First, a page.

The resurrection changes everything. That’s good news. That's also why the resurrection makes despair less reasonable. On the other hand, if the resurrection did not happen, then we have good reason to despair. I suspect Paul had similar feelings when he said “If in Christ we have hope in this life only, we are of all people most to be pitied” (v. 19).

Regarding despair, sometimes the brokenness of our world and the brokenness of my own life overwhelm me. However, this broken world is not our final and inescapable destination. The resurrection reminds me that both my personal brokenness and the brokenness of this world will one day be repaired completely and finally. Paul puts it this way in 1 Corinthians 15:42-43: "So is it with the resurrection of the dead. What is sown is perishable; what is raised is imperishable. It is sown in dishonor; it is raised in glory. It is sown in weakness; it is raised in power."

More to the point, I tell my students that if the resurrection didn’t happen then I’m the biggest fool in the room, because I’ve spent my professional career working in some form of Christian education. If the resurrection didn’t happen, then in spite of my concern for truth, I’ve been teaching falsehood and confusing things for my students instead of providing clarity.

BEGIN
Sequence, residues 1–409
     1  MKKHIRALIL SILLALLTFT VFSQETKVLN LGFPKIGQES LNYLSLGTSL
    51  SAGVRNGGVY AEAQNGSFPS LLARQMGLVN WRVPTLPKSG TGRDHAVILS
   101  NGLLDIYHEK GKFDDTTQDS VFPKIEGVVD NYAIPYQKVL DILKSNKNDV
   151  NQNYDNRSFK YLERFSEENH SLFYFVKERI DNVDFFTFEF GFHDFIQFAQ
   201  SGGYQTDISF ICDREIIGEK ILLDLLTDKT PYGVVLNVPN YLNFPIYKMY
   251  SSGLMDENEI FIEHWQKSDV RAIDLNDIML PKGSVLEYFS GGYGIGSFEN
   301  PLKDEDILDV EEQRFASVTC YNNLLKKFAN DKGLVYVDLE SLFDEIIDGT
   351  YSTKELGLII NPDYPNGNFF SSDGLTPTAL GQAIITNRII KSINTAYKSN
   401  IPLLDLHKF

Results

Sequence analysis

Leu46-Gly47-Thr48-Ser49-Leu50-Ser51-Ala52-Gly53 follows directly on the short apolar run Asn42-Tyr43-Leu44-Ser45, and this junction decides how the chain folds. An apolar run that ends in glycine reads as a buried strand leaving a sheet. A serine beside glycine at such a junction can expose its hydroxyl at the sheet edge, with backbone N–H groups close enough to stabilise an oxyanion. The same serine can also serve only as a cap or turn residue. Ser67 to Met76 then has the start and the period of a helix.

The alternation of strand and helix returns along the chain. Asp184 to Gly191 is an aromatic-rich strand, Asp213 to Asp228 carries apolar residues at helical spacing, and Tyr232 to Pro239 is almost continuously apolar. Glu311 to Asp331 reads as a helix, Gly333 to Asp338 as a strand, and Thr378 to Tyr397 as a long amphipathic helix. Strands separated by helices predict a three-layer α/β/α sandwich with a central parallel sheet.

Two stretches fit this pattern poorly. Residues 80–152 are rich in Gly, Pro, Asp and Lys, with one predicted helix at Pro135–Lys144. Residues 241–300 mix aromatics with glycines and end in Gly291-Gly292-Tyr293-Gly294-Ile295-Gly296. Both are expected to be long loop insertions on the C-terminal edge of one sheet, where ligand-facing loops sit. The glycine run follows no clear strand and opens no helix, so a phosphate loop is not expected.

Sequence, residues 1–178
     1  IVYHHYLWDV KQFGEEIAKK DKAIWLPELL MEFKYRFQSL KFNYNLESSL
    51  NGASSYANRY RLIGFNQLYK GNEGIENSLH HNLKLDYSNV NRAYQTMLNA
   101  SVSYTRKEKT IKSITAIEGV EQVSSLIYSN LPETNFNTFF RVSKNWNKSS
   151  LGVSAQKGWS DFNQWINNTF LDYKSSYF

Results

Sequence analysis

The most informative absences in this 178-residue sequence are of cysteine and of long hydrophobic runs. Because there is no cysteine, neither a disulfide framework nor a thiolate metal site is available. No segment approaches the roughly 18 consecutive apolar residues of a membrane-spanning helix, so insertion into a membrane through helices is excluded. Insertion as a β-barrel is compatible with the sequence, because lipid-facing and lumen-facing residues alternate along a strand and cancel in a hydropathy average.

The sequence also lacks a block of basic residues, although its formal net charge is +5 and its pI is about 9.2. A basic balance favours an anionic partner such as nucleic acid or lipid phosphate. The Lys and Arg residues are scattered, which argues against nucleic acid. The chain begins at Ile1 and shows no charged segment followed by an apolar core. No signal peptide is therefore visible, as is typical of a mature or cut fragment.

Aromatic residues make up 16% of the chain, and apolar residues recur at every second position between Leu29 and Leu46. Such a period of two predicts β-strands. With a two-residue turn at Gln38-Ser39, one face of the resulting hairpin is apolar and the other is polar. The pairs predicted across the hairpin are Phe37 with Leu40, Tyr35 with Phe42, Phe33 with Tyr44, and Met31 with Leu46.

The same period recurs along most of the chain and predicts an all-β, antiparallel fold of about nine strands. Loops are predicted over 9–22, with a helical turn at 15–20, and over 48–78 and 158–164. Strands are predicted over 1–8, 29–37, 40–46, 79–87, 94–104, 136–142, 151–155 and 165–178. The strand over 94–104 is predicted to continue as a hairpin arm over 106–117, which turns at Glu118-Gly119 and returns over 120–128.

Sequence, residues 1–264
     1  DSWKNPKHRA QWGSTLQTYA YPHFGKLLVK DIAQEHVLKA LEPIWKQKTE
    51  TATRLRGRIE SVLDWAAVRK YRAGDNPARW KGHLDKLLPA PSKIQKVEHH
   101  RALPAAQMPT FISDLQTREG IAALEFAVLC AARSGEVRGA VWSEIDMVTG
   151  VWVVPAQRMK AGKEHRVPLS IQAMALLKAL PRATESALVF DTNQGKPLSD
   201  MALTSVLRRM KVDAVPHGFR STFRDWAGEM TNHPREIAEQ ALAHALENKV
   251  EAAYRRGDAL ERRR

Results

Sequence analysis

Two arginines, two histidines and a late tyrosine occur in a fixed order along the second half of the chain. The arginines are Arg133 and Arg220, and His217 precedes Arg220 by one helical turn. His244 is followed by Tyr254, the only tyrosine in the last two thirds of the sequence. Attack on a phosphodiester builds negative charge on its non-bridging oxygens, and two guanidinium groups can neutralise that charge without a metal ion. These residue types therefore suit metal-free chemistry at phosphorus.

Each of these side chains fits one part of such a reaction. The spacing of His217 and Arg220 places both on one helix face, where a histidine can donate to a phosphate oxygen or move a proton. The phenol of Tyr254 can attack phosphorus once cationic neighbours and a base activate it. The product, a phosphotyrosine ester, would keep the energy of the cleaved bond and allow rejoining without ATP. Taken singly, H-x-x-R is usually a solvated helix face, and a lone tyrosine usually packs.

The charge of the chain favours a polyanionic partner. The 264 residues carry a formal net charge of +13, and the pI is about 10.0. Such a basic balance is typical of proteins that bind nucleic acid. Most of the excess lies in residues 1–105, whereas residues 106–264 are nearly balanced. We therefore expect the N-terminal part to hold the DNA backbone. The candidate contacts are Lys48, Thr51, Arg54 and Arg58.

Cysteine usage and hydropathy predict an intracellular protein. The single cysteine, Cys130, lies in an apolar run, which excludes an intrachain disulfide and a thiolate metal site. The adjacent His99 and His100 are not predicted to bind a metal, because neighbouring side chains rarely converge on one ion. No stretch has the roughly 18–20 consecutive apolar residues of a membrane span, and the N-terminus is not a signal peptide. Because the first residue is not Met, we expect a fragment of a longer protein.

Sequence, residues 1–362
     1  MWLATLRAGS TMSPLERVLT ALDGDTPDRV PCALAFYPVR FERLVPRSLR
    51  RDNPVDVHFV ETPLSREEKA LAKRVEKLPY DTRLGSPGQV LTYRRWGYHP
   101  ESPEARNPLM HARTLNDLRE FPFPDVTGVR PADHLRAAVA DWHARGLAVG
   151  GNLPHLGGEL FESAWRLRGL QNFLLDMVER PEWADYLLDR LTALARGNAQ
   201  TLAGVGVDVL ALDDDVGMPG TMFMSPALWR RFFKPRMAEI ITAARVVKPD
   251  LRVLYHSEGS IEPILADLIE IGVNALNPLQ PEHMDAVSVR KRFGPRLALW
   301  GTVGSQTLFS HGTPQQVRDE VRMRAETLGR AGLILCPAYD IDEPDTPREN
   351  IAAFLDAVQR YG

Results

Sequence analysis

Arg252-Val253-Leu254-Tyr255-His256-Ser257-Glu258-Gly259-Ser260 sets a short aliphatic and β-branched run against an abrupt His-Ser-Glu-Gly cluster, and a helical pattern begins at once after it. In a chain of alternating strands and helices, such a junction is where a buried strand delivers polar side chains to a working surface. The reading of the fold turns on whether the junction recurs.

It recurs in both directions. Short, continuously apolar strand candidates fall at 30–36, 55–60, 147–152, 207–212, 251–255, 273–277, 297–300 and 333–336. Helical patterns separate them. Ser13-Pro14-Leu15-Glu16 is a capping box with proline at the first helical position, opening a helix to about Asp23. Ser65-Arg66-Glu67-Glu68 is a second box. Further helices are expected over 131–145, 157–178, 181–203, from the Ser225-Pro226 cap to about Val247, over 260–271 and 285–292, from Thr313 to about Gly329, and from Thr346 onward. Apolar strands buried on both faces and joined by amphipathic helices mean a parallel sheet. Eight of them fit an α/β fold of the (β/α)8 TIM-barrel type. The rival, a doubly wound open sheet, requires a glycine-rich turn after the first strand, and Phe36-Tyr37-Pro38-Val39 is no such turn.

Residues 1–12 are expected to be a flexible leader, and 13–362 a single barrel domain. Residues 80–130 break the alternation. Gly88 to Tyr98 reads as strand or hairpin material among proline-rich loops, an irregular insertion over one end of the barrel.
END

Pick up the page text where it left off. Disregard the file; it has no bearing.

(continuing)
The opening line of Rick Warren’s The Purpose Driven Life also applies to the resurrection: "It’s not about you." The resurrection not being about me really is good news. For example, have you heard preachers challenge their parishioners by asking, "What are you willing to die for?" I certainly think the resurrection is one of those doctrines. However, the doctrine of the resurrection is not about my death. It’s about my hope for life. That hope is not based on my own merits, but on the ability of another to conquer death. As I often tell my students, my current and future relationship with God is not based on what I am doing now. Rather, it is based on what God himself did for me then, in the historical death and resurrection of Christ.

Dr. Stanley J. Ward is the Director of Campus Life and Ministry at The Brook Hill School in Bullard, TX. He is also the author of Worldview Conversations: How to Share Your Faith and Keep Your Friends.

Publication date: March 25, 2013